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Mosquitoes Show Signs Of Behavior Change In Response To Bed Net Use, Study Says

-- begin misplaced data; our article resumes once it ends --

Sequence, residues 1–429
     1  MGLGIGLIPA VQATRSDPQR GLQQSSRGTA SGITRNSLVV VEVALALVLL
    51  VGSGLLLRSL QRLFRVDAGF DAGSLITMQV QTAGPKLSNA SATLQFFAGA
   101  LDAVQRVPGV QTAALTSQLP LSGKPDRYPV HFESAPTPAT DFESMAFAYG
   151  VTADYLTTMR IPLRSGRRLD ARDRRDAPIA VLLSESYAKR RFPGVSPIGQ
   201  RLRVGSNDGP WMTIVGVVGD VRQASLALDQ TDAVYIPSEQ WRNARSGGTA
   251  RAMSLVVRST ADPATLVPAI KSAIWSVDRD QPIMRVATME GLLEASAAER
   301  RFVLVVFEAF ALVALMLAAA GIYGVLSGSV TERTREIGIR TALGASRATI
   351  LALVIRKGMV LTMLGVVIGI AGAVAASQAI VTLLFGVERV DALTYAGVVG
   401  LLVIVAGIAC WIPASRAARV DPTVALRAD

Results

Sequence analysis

About three years after two villages in Benin began using insecticide-treated bed nets to help prevent malaria, mosquitoes in the area changed their biting habits, so their “hours of ‘peak aggression’ [went] from 2 a.m. or 3 a.m. to around 5 a.m.” and “in one village, the proportion of mosquito bites inflicted outdoors rose,” according to a study published in the Journal of Infectious Diseases, Reuters reports. “The finding is ‘worrying since villagers usually wake up before dawn to work in crops, and as such they are not protected by mosquito nets,’ senior researcher Vincent Corbel of the Montpellier, France-based Institute of Research for Development said in an email,” the news service writes. Thomas Eisele of the Tulane University School of Public Health and Tropical Medicine in New Orleans, who was not involved in the study, “said the results should be interpreted with caution” because of difficulties in collecting “biting behavior” activity and the short study period, Reuters notes. Corbel “said more research should be done into the possible effects of different mosquito-control methods on the insects’ behavior,” according to the news service (Norton, 9/19).

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